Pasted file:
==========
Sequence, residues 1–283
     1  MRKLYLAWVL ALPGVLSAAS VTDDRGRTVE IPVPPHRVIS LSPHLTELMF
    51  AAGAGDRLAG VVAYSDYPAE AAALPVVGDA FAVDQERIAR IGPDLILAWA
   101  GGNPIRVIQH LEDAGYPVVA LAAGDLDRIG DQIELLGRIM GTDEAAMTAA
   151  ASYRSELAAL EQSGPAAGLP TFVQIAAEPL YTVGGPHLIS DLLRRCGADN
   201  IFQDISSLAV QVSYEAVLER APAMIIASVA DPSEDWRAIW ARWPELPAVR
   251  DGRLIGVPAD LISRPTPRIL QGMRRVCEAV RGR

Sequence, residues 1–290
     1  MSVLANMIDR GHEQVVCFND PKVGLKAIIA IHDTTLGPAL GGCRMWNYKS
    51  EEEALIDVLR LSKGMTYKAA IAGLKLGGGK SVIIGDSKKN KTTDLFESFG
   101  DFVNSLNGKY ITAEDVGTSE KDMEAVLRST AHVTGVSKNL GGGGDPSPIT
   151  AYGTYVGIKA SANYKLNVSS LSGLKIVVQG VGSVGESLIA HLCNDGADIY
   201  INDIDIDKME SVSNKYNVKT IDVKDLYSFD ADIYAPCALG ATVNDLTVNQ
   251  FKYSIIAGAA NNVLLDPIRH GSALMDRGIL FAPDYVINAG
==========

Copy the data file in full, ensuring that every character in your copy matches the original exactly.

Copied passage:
Sequence, residues 1–283
     1  MRKLYLAWVL ALPGVLSAAS VTDDRGRTVE IPVPPHRVIS LSPHLTELMF
    51  AAGAGDRLAG VVAYSDYPAE AAALPVVGDA FAVDQERIAR IGPDLILAWA
   101  GGNPIRVIQH LEDAGYPVVA LAAGDLDRIG DQIELLGRIM GTDEAAMTAA
   151  ASYRSELAAL EQSGPAAGLP TFVQIAAEPL YTVGGPHLIS DLLRRCGADN
   201  IFQDISSLAV QVSYEAVLER APAMIIASVA DPSEDWRAIW ARWPELPAVR
   251  DGRLIGVPAD LISRPTPRIL QGMRRVCEAV RGR

Sequence, residues 1–290
     1  MSVLANMIDR GHEQVVCFND PKVGLKAIIA IHDTTLGPAL GGCRMWNYKS
    51  EEEALIDVLR LSKGMTYKAA IAGLKLGGGK SVIIGDSKKN KTTDLFESFG
   101  DFVNSLNGKY ITAEDVGTSE KDMEAVLRST AHVTGVSKNL GGGGDPSPIT
   151  AYGTYVGIKA SANYKLNVSS LSGLKIVVQG VGSVGESLIA HLCNDGADIY
   201  INDIDIDKME SVSNKYNVKT IDVKDLYSFD ADIYAPCALG ATVNDLTVNQ
   251  FKYSIIAGAA NNVLLDPIRH GSALMDRGIL FAPDYVINAG